By Katie Honan
Mayor Bill de Blasio and the New York City Council on Tuesday
approved an $88.19 billion budget for the coming fiscal year that
drastically cuts city spending while shifting nearly $1 billion in
funding from the New York Police Department to youth and social
The approval came in a late-night vote by the council after
weeks of negotiations framed by an economic crisis brought on by
the new coronavirus pandemic and mounting calls for defunding and
reforming the police department. The mayor's preliminary budget,
proposed in February before the pandemic, was $95.3 billion.
Of the 50 current members of the council, 17 voted against the
budget. Some of the members said the reductions to police funding
weren't significant. Others said they opposed major funding
reductions to the NYPD.
Council Speaker Corey Johnson, a Democrat who was one of the
most influential members in the negotiation process, voted in favor
of the budget but said he had wanted more cuts to the police
"To everyone who is disappointed we did not go deeper, I am
disappointed as well," he said. Mr. de Blasio wouldn't budge on
some of the larger cuts, he said.
A spokeswoman for the mayor said Mr. de Blasio "worked to find
cuts that allowed us to reinvest in youth and communities in need
while keeping our streets safe."
Under the budget, overtime for NYPD personnel is expected to
decrease and an upcoming class of more than 1,100 police academy
cadets will be canceled. About $500 million will be taken out of
the NYPD's capital budget and allocated toward summer youth
programming, education, recreation centers and broadband
infrastructure at the city's public-housing developments.
A homeless engagement unit and school crossing guards, which are
currently under the NYPD, will join other agencies, Mr. de Blasio
said. The budget also outlines a plan to move school-safety agents
out of the police department and into the Department of Education
over two years.
In all, nearly $1 billion in funds will be transferred out of
the police department. The NYPD's annual operating budget will drop
to about $5 billion from nearly $6 billion.
"This is real redistribution," the mayor, a Democrat, said at a
Some elected officials said the shifts in funds didn't go far
enough. Although the city is in a hiring freeze, there will still
be a police academy class in October, the elected officials said.
The mayor also said proposed cuts to police overtime might not be
possible if protests or other events that require a large police
presence continue to happen.
Councilman Ben Kallos, a Democrat who represents neighborhoods
in Manhattan, voted against the budget and said he wanted more
meaningful cuts to the police department. He also criticized the
negotiations process as opaque.
Antonio Reynoso, a Democratic councilman who represents parts of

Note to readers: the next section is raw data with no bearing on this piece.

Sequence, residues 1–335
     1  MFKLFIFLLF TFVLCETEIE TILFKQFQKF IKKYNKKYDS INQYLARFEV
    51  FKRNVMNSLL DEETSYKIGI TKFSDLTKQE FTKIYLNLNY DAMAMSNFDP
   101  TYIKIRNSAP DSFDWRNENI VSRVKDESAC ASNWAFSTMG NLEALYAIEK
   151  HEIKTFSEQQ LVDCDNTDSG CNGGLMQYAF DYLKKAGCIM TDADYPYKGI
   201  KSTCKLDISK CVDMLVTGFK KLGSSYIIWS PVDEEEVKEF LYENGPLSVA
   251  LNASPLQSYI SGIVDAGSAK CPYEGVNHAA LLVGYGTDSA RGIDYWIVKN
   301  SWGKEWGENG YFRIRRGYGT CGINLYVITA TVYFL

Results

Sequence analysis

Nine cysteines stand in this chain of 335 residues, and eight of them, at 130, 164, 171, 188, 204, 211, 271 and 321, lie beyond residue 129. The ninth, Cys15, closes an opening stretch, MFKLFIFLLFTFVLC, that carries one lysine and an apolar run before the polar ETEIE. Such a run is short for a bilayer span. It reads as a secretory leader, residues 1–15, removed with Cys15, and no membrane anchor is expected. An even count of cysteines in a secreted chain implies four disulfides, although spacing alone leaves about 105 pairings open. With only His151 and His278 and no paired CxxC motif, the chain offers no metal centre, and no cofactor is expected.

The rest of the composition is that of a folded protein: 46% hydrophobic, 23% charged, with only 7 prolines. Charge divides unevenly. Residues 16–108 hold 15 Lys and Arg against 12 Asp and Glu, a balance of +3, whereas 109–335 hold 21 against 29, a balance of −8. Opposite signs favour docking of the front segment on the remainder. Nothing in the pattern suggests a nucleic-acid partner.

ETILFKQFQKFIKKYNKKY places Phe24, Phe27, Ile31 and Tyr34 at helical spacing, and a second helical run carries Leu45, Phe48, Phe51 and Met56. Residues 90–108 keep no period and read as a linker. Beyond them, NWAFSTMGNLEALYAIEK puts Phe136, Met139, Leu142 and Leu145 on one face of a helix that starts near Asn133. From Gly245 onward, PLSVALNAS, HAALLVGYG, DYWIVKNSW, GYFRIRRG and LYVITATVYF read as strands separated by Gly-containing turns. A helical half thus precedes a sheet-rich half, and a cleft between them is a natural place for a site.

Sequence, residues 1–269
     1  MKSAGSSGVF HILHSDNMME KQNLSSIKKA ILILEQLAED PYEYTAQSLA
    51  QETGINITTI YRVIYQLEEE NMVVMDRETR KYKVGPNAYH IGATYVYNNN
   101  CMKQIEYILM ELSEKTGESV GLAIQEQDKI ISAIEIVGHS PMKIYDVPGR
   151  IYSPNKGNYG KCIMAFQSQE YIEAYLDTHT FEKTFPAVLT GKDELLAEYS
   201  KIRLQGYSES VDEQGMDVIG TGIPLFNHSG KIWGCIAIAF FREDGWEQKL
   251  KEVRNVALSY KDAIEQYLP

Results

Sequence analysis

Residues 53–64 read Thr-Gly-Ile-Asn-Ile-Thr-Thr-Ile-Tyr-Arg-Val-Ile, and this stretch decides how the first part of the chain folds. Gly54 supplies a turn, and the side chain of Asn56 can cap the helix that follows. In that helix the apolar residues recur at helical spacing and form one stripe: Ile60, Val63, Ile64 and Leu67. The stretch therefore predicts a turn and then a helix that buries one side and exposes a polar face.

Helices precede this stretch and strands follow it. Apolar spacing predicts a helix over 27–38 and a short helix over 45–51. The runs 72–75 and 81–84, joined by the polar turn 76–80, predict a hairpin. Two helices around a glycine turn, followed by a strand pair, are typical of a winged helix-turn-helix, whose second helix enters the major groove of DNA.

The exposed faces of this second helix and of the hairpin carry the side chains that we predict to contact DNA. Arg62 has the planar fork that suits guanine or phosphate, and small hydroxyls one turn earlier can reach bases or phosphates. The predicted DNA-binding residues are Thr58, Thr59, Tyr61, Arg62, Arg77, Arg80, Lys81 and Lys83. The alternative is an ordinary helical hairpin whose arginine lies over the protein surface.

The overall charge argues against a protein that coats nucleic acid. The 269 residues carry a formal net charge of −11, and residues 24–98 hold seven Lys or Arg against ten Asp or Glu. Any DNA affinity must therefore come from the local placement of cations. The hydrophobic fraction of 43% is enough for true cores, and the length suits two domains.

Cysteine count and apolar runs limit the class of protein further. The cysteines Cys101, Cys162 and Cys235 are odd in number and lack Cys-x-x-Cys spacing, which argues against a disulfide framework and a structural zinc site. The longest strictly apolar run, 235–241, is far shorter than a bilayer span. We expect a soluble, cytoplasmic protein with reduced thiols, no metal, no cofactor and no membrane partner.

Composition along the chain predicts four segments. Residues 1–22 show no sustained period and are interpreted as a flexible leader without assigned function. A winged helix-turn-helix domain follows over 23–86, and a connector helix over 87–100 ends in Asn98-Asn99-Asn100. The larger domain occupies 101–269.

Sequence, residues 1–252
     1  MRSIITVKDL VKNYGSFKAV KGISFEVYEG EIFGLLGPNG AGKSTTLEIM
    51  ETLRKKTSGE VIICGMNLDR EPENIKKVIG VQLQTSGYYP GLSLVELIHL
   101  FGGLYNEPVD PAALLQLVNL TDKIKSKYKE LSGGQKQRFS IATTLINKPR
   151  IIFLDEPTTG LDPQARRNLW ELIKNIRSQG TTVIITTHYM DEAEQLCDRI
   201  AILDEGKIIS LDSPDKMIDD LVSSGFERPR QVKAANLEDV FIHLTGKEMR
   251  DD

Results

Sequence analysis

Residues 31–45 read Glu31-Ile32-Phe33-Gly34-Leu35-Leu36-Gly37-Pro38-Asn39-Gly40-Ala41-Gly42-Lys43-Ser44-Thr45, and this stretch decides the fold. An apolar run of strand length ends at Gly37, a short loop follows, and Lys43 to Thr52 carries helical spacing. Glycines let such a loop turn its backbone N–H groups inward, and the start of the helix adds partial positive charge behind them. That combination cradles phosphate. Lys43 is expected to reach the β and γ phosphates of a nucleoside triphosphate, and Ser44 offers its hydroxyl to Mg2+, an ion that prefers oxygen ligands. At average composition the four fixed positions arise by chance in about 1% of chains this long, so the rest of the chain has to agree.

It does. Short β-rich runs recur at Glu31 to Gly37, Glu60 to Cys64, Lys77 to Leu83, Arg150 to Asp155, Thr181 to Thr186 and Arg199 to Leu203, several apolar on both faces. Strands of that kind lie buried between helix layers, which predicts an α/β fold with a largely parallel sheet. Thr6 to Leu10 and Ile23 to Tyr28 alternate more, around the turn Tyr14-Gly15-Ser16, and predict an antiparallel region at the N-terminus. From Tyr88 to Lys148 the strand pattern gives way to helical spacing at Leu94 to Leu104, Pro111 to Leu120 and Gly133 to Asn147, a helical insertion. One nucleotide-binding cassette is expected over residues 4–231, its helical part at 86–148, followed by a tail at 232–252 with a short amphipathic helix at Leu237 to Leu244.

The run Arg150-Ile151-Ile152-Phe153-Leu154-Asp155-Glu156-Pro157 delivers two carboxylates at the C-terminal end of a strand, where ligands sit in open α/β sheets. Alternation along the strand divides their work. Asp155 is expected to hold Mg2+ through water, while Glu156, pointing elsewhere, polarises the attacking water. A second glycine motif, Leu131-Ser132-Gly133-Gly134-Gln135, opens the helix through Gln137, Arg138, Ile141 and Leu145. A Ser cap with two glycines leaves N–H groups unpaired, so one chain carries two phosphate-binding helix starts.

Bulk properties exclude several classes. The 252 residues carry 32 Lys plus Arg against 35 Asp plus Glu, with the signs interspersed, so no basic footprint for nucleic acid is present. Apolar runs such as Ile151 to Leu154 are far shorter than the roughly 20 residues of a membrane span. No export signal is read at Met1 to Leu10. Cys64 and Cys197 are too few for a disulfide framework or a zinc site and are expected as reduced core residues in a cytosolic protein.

Brooklyn and Queens, also voted against the budget.
"Divestment in policing, a restructuring of our justice system,
and meaningful investment in our communities is what New Yorkers
have been demanding and it is our duty as elected representatives
to deliver on those demands," he said as he voted.
Other council members said they wouldn't vote in favor of a
budget that makes significant cuts to the police.
Councilman Joseph Borelli, a Republican who represents parts of
Staten Island, voted against the budget, saying reducing the NYPD's
funds would make the city unsafe.
"We know what we're doing and we know that what we're doing will
create a more violent city, and yet we're doing it anyway," he
The NYPD didn't immediately respond to a request for
The mayor and the council faced increased pressure to cut the
NYPD's funding after weeks of large-scale demonstrations across the
U.S. over the killing of George Floyd, a Black man, in police
custody in Minneapolis on May 25. For more than a week, protesters
have camped outside City Hall in lower Manhattan to push for large
cuts to the police department.
Mr. de Blasio said that the budget focuses on programs to assist
New Yorkers who have been struggling during the financial crisis
and "helps us to become a fairer city." But the budget deal cuts
some initiatives that helped residents, including $65 million from
Fair Fares, a program that offers half-price MetroCards to
low-income New Yorkers.
The budget includes $1 billion in labor savings that are still
being negotiated with unions, Mr. de Blasio said. Officials have
said the city still faces billions in lost tax revenue over the
next two years. If the city doesn't receive more help, it could
resort to up to 22,000 layoffs and furloughs in the fall, according
to the mayor.
The mayor has said he still hopes the city will receive federal
stimulus money. He had also urged state lawmakers to grant the city
the authority to borrow up to $5 billion, but his request went
Gov. Andrew Cuomo said Tuesday that he still wasn't eager to
authorize city officials to borrow money to close gaps in the
operating budget. The Democratic governor had been skeptical of
earlier requests by City Hall, which landed with a thud in the
"I don't want to have a de facto bankruptcy where the state's
going to have to come in and bail out the debt," Mr. Cuomo said on
NY1, adding that the timeline for the city's economic recovery is
uncertain. "I focus on the paying back, as do most taxpayers."
Jimmy Vielkind contributed to this article.
Write to Katie Honan at Katie.Honan@wsj.com
(END) Dow Jones Newswires
July 01, 2020 00:50 ET (04:50 GMT)
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